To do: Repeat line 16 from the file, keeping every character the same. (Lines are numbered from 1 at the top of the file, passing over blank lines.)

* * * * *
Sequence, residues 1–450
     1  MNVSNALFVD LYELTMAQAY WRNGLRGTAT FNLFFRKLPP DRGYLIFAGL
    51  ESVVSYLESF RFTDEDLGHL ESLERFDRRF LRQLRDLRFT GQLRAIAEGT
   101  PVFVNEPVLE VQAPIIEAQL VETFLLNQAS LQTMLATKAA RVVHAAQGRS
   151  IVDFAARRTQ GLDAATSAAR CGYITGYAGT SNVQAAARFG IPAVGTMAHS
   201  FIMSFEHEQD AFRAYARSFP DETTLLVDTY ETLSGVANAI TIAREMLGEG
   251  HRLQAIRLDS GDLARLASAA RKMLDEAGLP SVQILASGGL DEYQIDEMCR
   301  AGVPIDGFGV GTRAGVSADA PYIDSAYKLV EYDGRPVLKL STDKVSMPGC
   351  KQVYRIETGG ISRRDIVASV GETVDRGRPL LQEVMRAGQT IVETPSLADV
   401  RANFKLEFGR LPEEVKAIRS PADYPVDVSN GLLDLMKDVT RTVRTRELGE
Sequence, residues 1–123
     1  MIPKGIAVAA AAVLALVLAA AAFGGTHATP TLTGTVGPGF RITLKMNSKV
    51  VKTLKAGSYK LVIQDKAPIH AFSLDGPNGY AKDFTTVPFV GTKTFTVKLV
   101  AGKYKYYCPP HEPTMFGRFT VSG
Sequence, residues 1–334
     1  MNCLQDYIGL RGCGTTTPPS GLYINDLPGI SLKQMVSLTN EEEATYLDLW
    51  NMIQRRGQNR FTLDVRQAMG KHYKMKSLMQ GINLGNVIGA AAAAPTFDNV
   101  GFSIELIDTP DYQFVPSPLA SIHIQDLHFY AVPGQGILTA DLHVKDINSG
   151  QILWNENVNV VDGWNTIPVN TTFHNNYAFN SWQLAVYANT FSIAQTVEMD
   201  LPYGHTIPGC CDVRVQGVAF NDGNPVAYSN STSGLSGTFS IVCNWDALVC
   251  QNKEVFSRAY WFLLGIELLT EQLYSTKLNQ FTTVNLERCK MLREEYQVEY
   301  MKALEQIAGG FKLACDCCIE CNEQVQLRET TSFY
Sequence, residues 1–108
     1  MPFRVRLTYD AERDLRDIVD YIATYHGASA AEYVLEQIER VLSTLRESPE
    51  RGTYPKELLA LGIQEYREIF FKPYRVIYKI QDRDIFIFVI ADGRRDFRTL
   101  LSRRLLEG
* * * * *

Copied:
     1  MNCLQDYIGL RGCGTTTPPS GLYINDLPGI SLKQMVSLTN EEEATYLDLW